Demarcus Christmas was the cornerstone of FSU's 2014 recruiting class. Christmas was the initial commitment of the class and stayed firm throughout the process. Because Christmas largely avoided the camp and combine circuit, he is an underrated prospect in the various recruiting rankings. Jimbo Fisher spoke extremely highly of Christmas on signing day, asserting, ""If Christmas would have gone to some [more] camps, he would have been the No. 1 or 2 player in the whole country."
Fisher's comments are a bit hyperbolic, but Christmas is indeed an elite prospect with a chance to play early. At 6'3, 300 pounds and possessing long arms, Christmas is explosive off the ball and projects at the 3/5 position, though it's possible he could play inside in a pinch. Christmas isn't a redshirt candidate and should earn reps behind Goldman and Hollin in garbage time early in the season. He may be the starter at that spot as early as 2015.
Derrick Nnadi was a signing day steal from Virginia and gives FSU another interior prospect with the potential to play right away. Nnadi is more compact at 6'1, 300 and plays with a great deal of power from a very thick base. He projects at the nose tackle spot and will push for immediate time. In my view, Nnadi may have the best opportunity of any freshman to earn his way into meaningful minutes. He is much thicker and stronger in his lower body than the usual freshman, making him more college ready than most in his spot. FSU would ideally prefer its older players to make it tough for Nnadi to see the field, but he's going to push them without a doubt.
Arthur Williams will surprise FSU fans down the line with his athleticism, as he has largely been overlooked by evaluators in part because his junior film was far less impressive than his senior tape. At 6'4, 280, he can play both interior positions and shows unusual athleticism and speed at that size. Provided he makes it to campus, Williams could also push for early time, though I suspect a redshirt year would be beneficial, especially if FSU gets good production from those in front of him. Look for Williams to contend for a starting role in 2015, however.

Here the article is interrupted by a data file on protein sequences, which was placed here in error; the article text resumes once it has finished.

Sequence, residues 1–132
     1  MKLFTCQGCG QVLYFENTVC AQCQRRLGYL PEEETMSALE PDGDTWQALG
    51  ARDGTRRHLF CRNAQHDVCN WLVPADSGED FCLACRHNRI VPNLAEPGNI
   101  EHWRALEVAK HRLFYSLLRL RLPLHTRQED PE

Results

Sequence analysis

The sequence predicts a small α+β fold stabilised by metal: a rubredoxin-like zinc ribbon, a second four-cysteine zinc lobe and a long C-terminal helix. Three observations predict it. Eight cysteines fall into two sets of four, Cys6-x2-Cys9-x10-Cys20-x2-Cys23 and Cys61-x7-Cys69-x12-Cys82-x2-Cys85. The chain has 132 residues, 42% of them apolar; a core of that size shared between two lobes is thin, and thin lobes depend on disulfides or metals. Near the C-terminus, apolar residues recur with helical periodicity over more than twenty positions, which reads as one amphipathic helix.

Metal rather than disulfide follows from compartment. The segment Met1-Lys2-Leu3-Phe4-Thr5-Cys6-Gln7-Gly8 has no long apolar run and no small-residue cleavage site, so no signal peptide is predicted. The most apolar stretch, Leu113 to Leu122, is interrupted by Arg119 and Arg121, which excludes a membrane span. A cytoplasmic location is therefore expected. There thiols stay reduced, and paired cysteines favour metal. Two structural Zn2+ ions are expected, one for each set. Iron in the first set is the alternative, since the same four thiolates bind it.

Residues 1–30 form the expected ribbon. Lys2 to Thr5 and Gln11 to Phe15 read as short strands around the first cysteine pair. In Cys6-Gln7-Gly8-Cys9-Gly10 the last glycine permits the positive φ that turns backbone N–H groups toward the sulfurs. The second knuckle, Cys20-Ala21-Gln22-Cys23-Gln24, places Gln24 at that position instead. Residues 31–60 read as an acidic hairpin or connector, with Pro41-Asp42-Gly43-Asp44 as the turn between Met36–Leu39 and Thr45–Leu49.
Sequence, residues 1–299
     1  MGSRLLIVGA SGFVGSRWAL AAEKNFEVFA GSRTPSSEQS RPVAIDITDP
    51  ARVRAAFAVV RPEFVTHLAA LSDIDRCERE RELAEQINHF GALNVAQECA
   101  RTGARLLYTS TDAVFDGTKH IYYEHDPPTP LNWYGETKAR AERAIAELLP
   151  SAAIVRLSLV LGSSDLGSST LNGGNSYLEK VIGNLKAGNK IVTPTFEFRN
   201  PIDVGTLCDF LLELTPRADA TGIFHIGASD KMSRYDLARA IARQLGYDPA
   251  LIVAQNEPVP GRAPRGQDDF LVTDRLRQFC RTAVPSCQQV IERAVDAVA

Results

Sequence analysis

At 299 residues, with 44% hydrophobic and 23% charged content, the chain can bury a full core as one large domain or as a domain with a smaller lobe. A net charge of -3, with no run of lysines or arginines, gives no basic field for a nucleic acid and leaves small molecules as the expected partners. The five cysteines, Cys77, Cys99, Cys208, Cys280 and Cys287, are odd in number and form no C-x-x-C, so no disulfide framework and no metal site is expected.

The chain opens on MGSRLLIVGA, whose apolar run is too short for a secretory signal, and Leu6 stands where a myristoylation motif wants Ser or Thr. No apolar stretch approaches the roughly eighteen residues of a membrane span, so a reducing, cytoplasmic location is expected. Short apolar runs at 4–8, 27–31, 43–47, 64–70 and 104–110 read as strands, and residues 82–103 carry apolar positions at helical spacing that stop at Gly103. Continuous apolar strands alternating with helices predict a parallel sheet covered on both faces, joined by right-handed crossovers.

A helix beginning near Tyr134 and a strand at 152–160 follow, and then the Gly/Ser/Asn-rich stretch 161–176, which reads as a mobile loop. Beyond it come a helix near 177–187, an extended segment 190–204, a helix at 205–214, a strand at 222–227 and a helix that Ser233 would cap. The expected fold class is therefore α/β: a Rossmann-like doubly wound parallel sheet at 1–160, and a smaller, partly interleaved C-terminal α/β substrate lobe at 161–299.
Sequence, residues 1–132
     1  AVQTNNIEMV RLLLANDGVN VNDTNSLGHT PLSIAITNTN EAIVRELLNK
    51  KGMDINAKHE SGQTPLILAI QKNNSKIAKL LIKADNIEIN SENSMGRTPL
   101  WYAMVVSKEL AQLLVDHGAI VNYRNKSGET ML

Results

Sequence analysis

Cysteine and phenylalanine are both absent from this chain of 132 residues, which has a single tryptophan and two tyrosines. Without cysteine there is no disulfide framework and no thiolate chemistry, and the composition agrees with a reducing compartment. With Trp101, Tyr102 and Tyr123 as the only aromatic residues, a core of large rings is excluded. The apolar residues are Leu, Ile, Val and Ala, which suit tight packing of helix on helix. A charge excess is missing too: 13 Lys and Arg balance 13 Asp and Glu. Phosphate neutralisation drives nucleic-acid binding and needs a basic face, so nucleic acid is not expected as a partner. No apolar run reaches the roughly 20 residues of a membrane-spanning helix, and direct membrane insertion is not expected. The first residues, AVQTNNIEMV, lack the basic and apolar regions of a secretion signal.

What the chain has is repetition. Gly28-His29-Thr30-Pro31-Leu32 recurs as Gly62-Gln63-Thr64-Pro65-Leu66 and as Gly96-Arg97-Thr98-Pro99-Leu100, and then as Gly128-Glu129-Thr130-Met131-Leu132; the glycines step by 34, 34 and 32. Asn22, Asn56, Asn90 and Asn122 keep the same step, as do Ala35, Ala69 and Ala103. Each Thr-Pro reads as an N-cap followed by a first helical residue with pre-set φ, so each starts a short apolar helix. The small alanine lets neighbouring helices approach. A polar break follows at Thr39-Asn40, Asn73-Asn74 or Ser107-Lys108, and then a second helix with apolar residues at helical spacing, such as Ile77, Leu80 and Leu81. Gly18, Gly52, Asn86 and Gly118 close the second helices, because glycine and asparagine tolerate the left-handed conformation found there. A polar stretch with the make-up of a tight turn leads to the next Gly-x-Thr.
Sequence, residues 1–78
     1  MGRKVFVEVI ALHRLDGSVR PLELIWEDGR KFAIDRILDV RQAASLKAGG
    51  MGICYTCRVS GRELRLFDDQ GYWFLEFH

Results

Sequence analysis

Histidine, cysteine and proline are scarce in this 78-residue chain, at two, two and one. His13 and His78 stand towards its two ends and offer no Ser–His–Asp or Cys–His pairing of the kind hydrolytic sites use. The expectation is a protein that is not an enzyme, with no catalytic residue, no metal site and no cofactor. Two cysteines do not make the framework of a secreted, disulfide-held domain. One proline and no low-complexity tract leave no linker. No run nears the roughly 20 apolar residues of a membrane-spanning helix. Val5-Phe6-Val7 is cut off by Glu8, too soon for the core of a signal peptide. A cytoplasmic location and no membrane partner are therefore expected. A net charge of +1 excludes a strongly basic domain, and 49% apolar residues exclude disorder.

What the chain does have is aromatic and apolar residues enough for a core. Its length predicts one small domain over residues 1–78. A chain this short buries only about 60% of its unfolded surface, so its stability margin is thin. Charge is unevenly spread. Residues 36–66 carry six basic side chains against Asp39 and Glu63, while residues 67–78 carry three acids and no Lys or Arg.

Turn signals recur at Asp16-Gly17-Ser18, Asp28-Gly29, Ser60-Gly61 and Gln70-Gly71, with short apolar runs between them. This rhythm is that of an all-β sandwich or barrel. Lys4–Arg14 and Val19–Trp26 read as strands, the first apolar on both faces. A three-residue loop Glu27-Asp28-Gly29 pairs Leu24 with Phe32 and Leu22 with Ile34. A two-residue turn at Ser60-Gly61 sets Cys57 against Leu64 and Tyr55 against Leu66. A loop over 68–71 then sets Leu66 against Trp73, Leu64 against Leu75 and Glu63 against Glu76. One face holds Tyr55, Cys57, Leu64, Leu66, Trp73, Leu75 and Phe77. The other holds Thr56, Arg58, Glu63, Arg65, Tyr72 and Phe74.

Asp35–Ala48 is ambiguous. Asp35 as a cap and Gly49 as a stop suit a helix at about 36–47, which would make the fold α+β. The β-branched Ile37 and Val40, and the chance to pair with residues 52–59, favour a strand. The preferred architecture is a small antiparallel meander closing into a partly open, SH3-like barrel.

Adam Torres is another jumbo prospect at 6'5, 265. Torres could potentially move to the offensive side of the ball, but at present projects at the 3/5 technique slot. Torres is more of a run stuffer and plays with a surprisingly low pad level for such a tall player. I expect Torres to redshirt in 2014.
Fredrick Jones is the fifth interior prospect FSU brought in and is a legacy, as his father (Fred Jones, Sr.) and legendary uncle Marvin "Shade Tree" Jones also played for the Seminoles. Jones obviously has outstanding bloodlines but is a project at this stage. He flashes excellent power and burst at his size (6'2, 270) but is still very raw. He projects either at the nose or as an offensive guard. Jones was rated lower than the other prospects, but FSU's decision to take him was prescient as the 2015 defensive tackle class is unusually weak in the state of Florida, and Jones shows more potential than many more highly ranked prospects this year. Jones will redshirt in 2014.
This is the biggest area for concern for the Seminoles in 2014. Florida State may be able to run through ACC competition during the regular season even without a dominant presence inside, but the Noles will not repeat without the ability to control the interior against the teams it would face in the playoff. Florida State needs Lawrence-Stample to take a huge step forward, Bryant to develop, and Goldman to continue to play like a first-round prospect for this team to repeat. We won't truly know where FSU stands in this regard, until well into 2014, and that uncertainty is the biggest reason for Seminole fans to temper their enthusiasm entering the season.